Russian Naval ships from four fleets are being dispatched to the Mediterranean Sea. Russia says the deployment is for conducting the most extensive exercises in recent years. More than 1,000 units of military equipment, 140 warships and ships, more than 60 aircraft and about 10,000 military personnel will be involved in the exercises. About two dozen “pennants” will take part in the deployment, including two cruisers, frigates, large anti-submarine ships. The Mediterranean deployment should be completed in late January or early February.
In parallel, manoeuvres will begin in the Black Sea. Two dozen ships and vessels will participate in the drills.
Russian Ministry of Defense says it plans to work out the interaction between groupings of ships in the far and near sea zones and the effectiveness of aviation and auxiliary forces.
Experts believe that deployed ships will engage in the simultaneous use of ship formations in the event of a large-scale crisis.
U.S. and NATO monitor Russian fleet movement
On January 25, the Norwegian Ministry of Defense announced that it was monitoring the movement of the Russian Northern Fleet ship group off its coast and showed photographs taken by a patrol aircraft. The ships in the pictures included missile cruiser “Marshal Ustinov”, the frigate “Admiral of the Fleet Kasatonov”, the Udaloy-class destroyer “Vice-Admiral Kulakov” and the tugboat SB-406. The next day, the Russian military department published a video with the exit of warships from the Kola Bay. The unit is expected to conduct live-fire and missile exercises off the coast of Ireland.
A combined detachment of six large landing ships from the Northern and Baltic fleets have already been spotted off the coast of Portugal but has not yet passed the Strait of Gibraltar. Five large landing ships of project 775 were spotted too. For the first time, “Pyotr Morgunov” of project 11711, which was accepted into the fleet a little over a year ago, was seen conducting a long voyage.
Cruiser “Varyag”, accompanied by the anti-submarine ship “Admiral Tributs” and the large sea tanker “Boris Butoma” was seen moving in the Mediterranean as part of a detachment of the Pacific Fleet. On the way, they held joint exercises in the Arabian Sea with ships from China and Iran.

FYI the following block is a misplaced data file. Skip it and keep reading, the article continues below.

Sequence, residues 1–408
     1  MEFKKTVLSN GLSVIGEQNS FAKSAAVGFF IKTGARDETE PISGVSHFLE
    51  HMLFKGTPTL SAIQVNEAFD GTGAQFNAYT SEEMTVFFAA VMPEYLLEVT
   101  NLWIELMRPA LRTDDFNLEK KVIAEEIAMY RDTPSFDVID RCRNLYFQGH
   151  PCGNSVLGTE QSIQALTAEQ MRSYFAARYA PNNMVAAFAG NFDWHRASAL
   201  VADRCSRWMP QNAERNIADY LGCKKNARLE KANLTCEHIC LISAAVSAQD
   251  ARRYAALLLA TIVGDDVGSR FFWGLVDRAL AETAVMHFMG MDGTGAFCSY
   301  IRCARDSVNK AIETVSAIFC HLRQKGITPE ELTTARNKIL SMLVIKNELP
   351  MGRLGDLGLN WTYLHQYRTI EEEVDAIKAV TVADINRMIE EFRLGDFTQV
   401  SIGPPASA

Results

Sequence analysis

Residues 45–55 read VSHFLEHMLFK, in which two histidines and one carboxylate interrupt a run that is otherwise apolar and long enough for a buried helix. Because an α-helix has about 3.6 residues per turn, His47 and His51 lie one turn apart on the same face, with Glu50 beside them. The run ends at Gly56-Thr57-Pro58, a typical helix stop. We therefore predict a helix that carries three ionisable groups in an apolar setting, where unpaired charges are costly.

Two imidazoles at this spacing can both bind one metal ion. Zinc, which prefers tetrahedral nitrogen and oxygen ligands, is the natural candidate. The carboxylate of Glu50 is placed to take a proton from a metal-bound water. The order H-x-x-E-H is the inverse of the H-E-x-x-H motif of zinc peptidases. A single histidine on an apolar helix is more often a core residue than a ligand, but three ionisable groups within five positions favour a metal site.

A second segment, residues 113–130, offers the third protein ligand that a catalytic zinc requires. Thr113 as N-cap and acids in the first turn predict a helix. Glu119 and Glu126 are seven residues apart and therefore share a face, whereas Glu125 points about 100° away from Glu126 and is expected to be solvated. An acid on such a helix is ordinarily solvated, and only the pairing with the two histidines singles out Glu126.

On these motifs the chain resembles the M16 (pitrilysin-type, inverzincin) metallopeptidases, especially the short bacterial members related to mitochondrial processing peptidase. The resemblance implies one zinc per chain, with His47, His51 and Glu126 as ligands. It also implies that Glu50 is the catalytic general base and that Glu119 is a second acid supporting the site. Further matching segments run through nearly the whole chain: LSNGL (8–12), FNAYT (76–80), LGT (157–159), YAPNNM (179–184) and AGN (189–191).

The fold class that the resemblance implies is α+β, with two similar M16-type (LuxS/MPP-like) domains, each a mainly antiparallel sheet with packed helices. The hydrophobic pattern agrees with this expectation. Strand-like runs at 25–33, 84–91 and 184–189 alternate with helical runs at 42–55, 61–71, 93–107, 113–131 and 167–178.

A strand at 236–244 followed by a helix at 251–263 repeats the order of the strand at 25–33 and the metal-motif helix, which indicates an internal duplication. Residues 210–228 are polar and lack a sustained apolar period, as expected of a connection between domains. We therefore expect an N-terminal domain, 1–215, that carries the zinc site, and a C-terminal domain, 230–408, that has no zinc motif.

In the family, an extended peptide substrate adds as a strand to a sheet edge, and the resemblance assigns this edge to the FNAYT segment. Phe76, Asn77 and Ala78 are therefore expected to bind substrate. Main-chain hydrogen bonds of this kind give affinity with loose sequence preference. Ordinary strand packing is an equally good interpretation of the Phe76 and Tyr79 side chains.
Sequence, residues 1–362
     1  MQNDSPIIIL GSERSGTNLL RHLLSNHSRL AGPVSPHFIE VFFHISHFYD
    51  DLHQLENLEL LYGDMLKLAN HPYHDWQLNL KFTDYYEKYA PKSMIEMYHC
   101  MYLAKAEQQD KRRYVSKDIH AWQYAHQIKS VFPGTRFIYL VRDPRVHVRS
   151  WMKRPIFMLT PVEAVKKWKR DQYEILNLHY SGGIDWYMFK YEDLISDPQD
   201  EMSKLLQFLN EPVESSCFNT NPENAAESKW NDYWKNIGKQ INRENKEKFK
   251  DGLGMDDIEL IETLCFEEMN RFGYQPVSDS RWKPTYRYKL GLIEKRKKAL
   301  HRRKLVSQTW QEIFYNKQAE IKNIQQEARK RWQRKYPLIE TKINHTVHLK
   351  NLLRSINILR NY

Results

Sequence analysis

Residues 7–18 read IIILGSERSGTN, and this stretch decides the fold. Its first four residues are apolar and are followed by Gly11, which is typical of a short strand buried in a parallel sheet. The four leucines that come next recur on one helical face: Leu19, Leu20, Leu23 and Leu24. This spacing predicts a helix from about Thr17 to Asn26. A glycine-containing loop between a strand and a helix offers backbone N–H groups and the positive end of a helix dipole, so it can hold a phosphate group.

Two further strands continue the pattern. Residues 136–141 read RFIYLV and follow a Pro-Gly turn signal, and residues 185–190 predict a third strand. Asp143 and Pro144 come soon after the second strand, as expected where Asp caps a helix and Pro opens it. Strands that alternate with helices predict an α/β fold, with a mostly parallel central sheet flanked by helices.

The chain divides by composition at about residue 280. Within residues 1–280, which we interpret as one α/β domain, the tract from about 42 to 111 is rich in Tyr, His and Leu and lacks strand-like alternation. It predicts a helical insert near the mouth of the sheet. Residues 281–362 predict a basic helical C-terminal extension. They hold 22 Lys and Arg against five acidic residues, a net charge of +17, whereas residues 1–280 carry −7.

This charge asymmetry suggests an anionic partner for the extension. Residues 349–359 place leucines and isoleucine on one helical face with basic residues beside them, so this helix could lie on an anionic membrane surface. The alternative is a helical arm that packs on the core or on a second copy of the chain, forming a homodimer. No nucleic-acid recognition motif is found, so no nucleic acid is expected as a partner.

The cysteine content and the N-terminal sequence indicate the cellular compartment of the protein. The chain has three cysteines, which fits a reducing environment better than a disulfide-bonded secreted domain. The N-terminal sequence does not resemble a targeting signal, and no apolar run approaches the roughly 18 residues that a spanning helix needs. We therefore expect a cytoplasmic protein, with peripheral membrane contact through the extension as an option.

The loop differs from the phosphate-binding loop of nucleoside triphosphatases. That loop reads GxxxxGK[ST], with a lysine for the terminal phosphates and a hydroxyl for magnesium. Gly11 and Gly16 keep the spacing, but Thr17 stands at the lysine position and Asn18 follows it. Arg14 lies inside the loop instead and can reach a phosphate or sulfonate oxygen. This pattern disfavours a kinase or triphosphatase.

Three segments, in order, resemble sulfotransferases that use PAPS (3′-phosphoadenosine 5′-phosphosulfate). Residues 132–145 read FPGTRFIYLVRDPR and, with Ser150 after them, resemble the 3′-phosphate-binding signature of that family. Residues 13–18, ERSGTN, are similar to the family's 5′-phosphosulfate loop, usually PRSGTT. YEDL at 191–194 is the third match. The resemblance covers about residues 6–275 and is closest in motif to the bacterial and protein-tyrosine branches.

Ships and submarines from the Black Sea Fleet, which are a part of the operational unit of the Russian Navy, based in the Syrian port of Tartus, are constantly on duty in the Mediterranean Sea. On January 26, the Ministry of Defense announced the start of exercises in the Black Sea. The drill involves over 20 warships and vessels.
Aircraft movements are not visible except the transfer of Su-35S air interceptors to Belarus for drills. Russia has also dispatched long range air defence missile units to Belarus. Two battalions of S-400 anti-aircraft missile systems and a Pantsir-S battalion will be transferred from the Far East to Belarus for the first time.
Tense situation in the region as U.S. and NATO build up in the area
The White House said on January 18 that Russia could launch an invasion of Ukraine at any moment. In particular, the United States is concerned about the movement of Russian troops for exercises in Belarus.
A Danish frigate is in the Baltic Sea, and four F-16 fighters are in Lithuania. Spanish ships are already in the Black Sea, and several Dutch F-35 fighters are in Bulgaria. The United States and France have sent troops to the eastern part of Europe. The total number of the contingent is about 5 thousand personnel.
NATO Secretary General, Jens Stoltenberg, warned that in addition to the transfer of forces to the Baltic and the Black Sea, to Bulgaria and Romania, NATO is considering the possibility of further building up its military presence on the eastern flank. At the same time, he said that the bloc would not deploy combat forces in Ukraine.